Former Reddit chief now aims to tackle sexism in Silicon Valley
Ellen Pao, who unsuccessfully sued Kleiner Perkins Caufield & Byers for gender discrimination, joins the Kapor Center for Social Impact.
Silicon Valley—Silicon Valley has been known for its lack of gender diversity but one woman aims to close the gap.
Ellen Pao, whose unsuccessful suit against a former employer for gender discrimination highlighted sexism in Silicon Valley, joined Kapor Center for Social Impact Wednesday to head its diversity and inclusion efforts, Reuters reports.
In a three-year legal battle that highlighted what many see as a lack of diversity at many technology companies and tech investment firms, Ms. Pao sued her former employer, Kleiner Perkins Caufield & Byers, for gender discrimination and retaliation. The jury ruled in favor of the venture capital firm in 2015.
In her new role at the Kapor Center, a nonprofit founded by Lotus spreadsheet software founder Mitch Kapor and his wife Freada Kapor Klein, Ms. Pao, who also served as former interim chief executive officer of Reddit, aims to help startups ensure they have a diverse workplace.
"I see a lot of opportunity in diversity and inclusion," she told USA Today. "Bringing different genders and people of different races and ethnicities onto teams and onto boards has a huge impact on financial performance and improves your product."
She will also serve as a venture partner at Kapor Capital, an Oakland, Calif.-based firm that invests in startups that try to solve problems for underserved people.
Commending on Pao’s experience working in tech and inclusion, Ms. Klein said Pao is in the perfect position to help close the gaps.
"Ellen will be responsible for weaving together all of our efforts to accurately identify the obstacles to creating and sustaining a diverse and inclusive tech ecosystem, and provide a comprehensive practical solution," Klein told Forbes.
Pao's lawsuit also inspired the "Elephant in the Valley" survey, a survey of more than 200 women in the Bay Area-centered tech industry in which 60 percent of the women said they have been sexually harassed, and vast majority said they have witnessed sexism at off-site events, The Christian Science Monitor reported.
This announcement comes at a time when many major tech companies are filing their annual diversity reports for the past year.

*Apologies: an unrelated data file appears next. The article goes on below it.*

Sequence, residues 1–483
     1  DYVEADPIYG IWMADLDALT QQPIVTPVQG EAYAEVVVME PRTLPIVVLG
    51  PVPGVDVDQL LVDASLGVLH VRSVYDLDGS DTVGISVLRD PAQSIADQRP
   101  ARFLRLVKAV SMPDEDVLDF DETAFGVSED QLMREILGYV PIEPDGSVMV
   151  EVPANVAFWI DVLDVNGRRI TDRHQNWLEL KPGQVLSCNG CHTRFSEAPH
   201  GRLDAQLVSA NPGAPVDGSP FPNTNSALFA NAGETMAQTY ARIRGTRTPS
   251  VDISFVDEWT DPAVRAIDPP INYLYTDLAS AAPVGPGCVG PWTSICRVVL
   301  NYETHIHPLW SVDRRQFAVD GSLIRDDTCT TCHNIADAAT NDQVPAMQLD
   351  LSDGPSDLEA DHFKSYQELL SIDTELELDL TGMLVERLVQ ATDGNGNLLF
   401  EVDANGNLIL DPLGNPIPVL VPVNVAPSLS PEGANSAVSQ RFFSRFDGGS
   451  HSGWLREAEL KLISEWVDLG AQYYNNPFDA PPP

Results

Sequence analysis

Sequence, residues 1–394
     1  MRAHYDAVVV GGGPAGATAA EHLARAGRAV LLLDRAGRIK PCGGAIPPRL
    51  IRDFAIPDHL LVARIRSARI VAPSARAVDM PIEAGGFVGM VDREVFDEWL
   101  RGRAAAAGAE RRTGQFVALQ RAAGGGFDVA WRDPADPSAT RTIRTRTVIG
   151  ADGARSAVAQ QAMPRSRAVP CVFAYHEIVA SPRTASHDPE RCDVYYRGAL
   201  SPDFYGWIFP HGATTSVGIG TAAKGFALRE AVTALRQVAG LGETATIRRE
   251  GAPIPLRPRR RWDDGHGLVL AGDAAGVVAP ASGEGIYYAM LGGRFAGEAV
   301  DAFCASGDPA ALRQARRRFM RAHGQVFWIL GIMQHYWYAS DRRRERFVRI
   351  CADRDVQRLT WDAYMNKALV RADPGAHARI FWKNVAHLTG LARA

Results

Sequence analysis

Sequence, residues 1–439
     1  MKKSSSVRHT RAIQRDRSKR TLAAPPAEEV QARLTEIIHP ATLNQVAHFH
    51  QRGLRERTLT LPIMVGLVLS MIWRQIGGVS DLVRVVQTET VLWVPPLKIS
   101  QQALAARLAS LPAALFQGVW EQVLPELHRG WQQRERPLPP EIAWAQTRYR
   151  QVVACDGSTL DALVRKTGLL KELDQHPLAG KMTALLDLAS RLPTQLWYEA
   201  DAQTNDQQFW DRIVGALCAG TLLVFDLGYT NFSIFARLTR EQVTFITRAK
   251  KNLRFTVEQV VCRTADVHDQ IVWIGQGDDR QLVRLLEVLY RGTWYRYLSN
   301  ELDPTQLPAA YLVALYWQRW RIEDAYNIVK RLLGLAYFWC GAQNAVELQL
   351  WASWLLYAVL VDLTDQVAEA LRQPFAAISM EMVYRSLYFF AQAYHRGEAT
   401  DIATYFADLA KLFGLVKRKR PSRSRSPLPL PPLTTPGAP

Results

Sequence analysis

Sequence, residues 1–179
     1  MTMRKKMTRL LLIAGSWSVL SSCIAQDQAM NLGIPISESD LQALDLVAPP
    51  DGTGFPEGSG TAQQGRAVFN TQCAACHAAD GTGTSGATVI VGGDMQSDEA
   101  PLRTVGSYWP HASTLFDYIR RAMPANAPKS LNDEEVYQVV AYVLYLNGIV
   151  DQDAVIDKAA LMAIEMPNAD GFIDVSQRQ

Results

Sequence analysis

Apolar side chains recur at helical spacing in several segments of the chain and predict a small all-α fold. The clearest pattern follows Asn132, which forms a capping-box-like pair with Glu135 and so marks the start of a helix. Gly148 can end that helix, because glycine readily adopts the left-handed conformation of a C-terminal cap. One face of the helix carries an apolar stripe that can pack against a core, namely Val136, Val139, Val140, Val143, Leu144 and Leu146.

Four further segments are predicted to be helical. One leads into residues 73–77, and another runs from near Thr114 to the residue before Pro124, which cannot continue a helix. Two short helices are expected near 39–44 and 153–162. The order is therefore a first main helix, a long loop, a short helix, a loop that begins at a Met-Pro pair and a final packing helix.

Although many major tech companies set goals around hiring, their diversity reports indicate that they might need to do more. At Apple in 2016, for example, just 32 percent of employees globally are women. At Microsoft, that figure is 25.8 percent. At both companies, about twice the number of women held nontechnical roles compared to technical ones, and leadership positions are almost exclusively dominated by men.
In an effort in July to explain the disparity, Facebook argued that the roots of problem lie farther upstream.
"It has become clear that at the most fundamental level, appropriate representation in technology or any other industry will depend upon more people having the opportunity to gain necessary skills through the public education system," Maxine Williams, global director of diversity said in a statement.
But this "pipeline" argument has its critics come under fire from diversity thinkers, as NPR reported in July:
"This is a multifaceted problem. ... But when you hear these inane kind of platitudes and then pushing the responsibility off to the pipeline, it's insulting," says Catherine Bracy, co-founder of the Oakland TechEquity Collaborative and former community organizer at Code for America. "The fact that you can't hire people into nontechnical roles, how do you account for that?"
Others have pointed to these companies’ hiring systems. Bloomberg reported Monday that, despite Facebook’s efforts to give priority to engineering candidates from underrepresented groups, the company still sees little change in its department’s demographics.
Joelle Emerson, a diversity consultant, identified Facebook’s hindering hiring process, in which an almost white or Asian male leadership makes final decisions – a practice common in Silicon Valley – as the key.
"Because it's far easier to think about bringing people into the funnel," she told Bloomberg. "It's harder to think about changing a broader process that a company has been using for maybe ten years."